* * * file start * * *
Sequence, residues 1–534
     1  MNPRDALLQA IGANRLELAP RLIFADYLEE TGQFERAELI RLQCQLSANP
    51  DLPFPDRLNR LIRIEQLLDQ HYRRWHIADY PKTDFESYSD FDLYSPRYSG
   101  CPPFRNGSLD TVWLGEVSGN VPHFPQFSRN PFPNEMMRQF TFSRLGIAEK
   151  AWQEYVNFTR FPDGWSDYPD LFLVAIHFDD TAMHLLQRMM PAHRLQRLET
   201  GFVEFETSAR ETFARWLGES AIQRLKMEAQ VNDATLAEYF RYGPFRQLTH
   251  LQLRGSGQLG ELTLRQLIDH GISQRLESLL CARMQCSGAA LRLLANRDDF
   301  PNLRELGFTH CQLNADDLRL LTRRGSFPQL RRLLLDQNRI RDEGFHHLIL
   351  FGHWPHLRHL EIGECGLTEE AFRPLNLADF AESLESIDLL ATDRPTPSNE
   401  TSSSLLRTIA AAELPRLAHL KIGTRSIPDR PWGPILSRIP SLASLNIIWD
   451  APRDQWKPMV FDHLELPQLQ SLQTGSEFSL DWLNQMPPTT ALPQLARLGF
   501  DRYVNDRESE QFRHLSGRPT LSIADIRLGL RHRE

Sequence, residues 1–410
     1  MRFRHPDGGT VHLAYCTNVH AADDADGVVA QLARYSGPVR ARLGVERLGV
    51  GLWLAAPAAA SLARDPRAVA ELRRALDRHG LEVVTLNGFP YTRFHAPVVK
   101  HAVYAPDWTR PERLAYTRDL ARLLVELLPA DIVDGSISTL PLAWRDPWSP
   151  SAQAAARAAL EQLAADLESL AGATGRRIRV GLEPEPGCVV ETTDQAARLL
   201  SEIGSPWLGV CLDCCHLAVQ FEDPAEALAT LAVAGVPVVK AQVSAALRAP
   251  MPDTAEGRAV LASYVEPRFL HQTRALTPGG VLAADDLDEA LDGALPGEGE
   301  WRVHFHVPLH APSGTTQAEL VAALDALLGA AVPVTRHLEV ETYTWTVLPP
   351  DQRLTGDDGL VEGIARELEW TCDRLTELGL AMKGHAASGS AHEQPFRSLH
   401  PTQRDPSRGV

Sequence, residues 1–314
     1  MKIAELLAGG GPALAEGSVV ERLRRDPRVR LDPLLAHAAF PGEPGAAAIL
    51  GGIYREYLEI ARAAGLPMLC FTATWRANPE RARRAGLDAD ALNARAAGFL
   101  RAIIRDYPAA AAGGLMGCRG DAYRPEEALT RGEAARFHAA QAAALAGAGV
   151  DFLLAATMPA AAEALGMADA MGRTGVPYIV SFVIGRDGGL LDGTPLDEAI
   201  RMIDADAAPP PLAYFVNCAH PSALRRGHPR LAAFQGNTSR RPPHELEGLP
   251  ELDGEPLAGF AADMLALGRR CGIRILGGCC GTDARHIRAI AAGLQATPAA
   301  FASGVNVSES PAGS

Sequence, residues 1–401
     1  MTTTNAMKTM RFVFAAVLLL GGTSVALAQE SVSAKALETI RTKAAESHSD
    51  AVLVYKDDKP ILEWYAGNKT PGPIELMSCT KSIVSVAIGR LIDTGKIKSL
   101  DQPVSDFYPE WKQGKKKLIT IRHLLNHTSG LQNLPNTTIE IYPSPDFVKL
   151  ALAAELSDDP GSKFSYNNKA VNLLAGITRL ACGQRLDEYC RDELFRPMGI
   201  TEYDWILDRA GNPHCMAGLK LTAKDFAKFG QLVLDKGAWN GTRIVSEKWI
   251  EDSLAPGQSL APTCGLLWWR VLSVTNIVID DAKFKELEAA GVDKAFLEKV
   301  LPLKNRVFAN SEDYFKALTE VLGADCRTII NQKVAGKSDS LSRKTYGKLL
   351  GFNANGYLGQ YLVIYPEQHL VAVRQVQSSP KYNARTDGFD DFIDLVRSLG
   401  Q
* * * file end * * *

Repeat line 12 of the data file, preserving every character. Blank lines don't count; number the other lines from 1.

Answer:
   501  DRYVNDRESE QFRHLSGRPT LSIADIRLGL RHRE